In 2002, an Australian man went to his friend’s 21st birthday party. He got drunk, tripped on some steps and cut his lip. He took a picture of his injuries and shared it with his friends on an online forum.
“And sorry about the focus,” he wrote, “it was a selfie.”
That was the first recorded use of the word “selfie”, according to linguistic experts at Oxford Dictionaries.
On Nov 19, Oxford Dictionaries declared “selfie” Word of the Year for 2013, in honor of the term having taken over the world thanks to millions of smartphone self-portraits and the resulting shares on social media.
Research by Oxford Dictionaries’ editors found that the frequency of “selfie” in the English language has increased by 17,000 percent since this time last year.
“The word gained momentum throughout the English-speaking world in 2013 as it evolved from a social media buzzword to mainstream shorthand for a self-portrait photograph,” Oxford Dictionaries explained in a news release. “Its linguistic productivity is already evident in the creation of numerous related spin-off terms showcasing particular parts of the body like helfie (a picture of one’s hair); a particular activity — welfie (workout selfie) and drelfie (drunken selfie), and even items of furniture — shelfie.”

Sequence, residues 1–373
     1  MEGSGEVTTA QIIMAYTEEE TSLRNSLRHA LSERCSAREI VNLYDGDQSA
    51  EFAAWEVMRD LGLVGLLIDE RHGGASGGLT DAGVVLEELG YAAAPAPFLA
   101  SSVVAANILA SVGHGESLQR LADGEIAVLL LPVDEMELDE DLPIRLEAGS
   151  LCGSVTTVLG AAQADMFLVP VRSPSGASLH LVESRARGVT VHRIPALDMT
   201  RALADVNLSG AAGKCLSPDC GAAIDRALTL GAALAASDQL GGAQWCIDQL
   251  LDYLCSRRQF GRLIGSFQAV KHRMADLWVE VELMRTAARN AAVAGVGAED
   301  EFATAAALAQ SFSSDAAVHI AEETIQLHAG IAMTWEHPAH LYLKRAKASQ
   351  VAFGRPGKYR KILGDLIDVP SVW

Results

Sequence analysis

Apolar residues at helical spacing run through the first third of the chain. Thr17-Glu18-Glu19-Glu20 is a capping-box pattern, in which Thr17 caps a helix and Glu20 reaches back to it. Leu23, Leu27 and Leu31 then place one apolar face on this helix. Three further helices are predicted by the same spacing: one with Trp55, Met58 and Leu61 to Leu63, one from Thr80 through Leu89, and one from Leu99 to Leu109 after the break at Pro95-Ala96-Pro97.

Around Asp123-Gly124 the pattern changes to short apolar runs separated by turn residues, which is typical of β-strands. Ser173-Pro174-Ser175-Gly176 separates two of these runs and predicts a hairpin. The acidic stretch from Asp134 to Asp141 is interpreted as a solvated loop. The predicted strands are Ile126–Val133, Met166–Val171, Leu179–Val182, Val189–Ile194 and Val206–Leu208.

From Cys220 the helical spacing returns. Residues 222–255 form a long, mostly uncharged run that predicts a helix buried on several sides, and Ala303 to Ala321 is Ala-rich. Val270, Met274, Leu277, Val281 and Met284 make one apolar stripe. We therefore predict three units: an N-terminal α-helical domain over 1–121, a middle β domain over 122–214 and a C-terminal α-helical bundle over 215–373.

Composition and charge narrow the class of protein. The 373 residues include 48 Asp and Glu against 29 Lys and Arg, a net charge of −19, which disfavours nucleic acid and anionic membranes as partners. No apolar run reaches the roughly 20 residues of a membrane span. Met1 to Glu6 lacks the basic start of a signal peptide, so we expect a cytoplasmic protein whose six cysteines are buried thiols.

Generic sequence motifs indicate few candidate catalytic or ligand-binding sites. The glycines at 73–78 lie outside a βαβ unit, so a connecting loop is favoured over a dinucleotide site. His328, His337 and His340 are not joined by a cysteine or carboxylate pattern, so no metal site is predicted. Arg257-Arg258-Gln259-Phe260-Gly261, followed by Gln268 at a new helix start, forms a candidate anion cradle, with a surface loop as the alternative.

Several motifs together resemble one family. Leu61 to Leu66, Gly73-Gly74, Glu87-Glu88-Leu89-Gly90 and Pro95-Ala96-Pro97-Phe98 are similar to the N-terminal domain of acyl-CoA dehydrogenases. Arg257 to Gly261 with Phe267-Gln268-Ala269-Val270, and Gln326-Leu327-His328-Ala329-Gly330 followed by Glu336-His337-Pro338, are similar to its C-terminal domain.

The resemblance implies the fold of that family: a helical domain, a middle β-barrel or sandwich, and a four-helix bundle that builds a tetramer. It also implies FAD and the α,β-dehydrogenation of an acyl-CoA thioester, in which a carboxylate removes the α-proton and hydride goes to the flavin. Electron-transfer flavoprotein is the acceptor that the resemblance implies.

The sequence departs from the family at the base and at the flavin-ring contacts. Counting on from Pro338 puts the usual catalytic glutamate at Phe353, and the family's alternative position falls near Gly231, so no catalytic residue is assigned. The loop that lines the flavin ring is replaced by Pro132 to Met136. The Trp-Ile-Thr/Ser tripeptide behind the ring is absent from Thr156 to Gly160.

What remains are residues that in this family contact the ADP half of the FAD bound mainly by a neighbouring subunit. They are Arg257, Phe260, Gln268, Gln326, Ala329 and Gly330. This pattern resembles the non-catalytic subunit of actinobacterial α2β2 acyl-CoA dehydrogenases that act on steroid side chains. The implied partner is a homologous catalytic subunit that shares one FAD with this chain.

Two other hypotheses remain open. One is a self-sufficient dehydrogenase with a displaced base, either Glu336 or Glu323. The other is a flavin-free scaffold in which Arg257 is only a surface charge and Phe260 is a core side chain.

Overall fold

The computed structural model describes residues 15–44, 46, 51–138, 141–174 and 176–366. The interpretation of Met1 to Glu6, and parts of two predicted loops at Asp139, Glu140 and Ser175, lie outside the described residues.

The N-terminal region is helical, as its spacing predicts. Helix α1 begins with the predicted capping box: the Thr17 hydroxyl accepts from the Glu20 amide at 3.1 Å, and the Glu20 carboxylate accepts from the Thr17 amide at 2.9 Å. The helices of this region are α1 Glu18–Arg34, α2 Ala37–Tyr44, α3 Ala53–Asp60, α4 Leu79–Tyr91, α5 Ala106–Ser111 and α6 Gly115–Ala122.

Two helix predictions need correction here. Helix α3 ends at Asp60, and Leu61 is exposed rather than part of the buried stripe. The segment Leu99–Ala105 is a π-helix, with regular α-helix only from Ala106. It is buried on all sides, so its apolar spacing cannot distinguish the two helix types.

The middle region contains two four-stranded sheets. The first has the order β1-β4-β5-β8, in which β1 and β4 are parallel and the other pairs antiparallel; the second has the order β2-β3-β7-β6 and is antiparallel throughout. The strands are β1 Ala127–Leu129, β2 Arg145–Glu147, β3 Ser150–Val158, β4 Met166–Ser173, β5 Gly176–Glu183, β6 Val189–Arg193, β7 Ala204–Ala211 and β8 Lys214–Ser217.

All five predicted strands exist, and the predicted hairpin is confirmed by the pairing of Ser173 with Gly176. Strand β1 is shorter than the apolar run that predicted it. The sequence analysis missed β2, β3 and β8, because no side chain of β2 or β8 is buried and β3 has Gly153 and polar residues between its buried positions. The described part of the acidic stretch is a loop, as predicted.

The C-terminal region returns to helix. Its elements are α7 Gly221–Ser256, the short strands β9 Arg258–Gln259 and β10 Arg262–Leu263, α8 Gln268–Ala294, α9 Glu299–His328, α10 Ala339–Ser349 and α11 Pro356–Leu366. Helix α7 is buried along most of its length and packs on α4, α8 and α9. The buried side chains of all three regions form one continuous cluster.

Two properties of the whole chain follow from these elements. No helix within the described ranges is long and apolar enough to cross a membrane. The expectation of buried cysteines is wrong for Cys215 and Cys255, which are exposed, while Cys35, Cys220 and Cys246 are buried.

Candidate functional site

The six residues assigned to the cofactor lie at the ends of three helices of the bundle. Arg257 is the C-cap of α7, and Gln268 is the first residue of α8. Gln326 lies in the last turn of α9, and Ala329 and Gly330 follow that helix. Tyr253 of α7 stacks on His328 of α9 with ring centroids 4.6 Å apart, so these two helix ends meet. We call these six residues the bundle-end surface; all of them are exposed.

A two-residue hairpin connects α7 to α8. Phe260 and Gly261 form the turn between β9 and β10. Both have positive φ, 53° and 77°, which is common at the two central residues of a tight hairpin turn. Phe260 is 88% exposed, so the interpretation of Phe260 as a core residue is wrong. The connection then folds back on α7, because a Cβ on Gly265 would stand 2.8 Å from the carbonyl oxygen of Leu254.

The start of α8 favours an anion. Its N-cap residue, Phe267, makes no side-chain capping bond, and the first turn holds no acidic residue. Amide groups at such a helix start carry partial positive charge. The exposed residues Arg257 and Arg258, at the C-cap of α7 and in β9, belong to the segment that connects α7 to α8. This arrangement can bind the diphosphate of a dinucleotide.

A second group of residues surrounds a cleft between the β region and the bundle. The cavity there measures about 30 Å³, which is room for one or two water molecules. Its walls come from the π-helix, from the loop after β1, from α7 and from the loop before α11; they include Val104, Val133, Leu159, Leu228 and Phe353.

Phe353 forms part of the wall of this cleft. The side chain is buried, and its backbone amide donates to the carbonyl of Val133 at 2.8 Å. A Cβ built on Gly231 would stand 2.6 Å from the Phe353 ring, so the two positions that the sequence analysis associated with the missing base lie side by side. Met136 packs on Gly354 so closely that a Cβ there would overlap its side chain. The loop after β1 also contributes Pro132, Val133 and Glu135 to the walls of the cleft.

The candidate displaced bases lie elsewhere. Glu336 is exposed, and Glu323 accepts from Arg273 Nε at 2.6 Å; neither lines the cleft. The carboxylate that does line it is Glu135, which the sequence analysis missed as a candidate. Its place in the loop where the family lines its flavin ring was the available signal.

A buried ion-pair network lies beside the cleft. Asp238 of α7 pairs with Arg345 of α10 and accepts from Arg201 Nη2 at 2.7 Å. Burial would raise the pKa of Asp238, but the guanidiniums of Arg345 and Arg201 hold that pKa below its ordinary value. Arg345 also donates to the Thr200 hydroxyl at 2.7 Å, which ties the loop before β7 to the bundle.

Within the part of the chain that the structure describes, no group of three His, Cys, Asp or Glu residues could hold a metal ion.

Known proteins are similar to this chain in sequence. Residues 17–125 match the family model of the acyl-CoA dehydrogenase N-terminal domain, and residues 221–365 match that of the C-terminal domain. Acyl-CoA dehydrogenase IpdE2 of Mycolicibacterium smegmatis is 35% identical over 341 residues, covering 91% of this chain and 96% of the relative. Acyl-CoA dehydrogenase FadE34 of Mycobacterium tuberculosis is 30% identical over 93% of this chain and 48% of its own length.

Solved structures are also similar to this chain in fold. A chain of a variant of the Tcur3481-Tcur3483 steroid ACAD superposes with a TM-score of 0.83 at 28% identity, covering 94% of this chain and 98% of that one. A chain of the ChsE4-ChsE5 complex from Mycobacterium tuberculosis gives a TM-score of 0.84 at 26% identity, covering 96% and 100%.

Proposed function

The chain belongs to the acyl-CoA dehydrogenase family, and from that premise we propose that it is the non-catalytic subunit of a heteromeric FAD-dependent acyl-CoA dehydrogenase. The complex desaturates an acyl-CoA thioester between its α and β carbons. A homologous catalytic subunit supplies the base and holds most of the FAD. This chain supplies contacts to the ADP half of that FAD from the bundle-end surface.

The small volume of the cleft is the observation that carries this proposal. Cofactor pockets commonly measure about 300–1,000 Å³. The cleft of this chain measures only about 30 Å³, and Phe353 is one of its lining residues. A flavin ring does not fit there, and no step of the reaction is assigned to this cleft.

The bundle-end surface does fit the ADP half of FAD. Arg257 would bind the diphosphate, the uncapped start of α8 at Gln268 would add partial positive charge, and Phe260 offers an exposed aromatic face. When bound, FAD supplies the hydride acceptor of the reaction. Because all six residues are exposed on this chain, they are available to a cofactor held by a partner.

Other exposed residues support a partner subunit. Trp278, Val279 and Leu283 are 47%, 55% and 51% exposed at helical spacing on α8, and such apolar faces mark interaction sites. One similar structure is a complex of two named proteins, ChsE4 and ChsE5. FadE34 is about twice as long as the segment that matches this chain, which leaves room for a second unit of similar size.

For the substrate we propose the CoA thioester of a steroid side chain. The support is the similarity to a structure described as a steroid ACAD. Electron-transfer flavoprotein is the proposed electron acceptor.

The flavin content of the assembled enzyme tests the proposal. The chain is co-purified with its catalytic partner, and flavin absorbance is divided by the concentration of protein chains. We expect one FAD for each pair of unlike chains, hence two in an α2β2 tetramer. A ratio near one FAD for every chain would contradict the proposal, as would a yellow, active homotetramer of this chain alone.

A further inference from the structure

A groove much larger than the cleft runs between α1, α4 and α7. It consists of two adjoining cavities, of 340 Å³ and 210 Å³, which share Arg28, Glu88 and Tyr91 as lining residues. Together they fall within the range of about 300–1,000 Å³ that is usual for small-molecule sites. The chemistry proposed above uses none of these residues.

So what does the choice of the word say about our culture? Mary Elizabeth Williams, writing in Salon magazine, says the word reminds us that contemporary culture is defined by our narcissism.
Selfies are narcissistic, but so what? An article in The Atlantic Wire points out that the very sort of narcissism that feeds selfies was thriving well before the Internet. Think about painted self-portraits by Van Gogh and other masters. Bookstores, too, have an entire section for narcissism — the autobiography, or “literary selfie”, as it should be renamed for young readers.
Like great works of art, selfies aren’t meant to be looked at solely by the subject, writes Jonathan Freedland in The Guardian. However superficial a selfie may look, its purpose is to be transmitted by social media. This is the selfie’s redeeming feature. They may be focused on the self, but they also express a timeless human need to connect with others.
Selfies invite judgment based on appearance alone. What kind of cultural influence does this have on women? Erin Gloria Ryan on Jezebel says selfies teach young woman to obsess over their appearance and judge themselves on the basis of beauty rather than accomplishments. “They’re a reflection of the warped way we teach girls to see themselves as decorative,” said Ryan.
In Slate magazine, Rachel Simmons has the opposite view. She argues that selfies are an example of young women promoting themselves and taking control of their own self-presentation. Think of each one, she says, as “a tiny pulse of girl pride — a shout-out to the self”.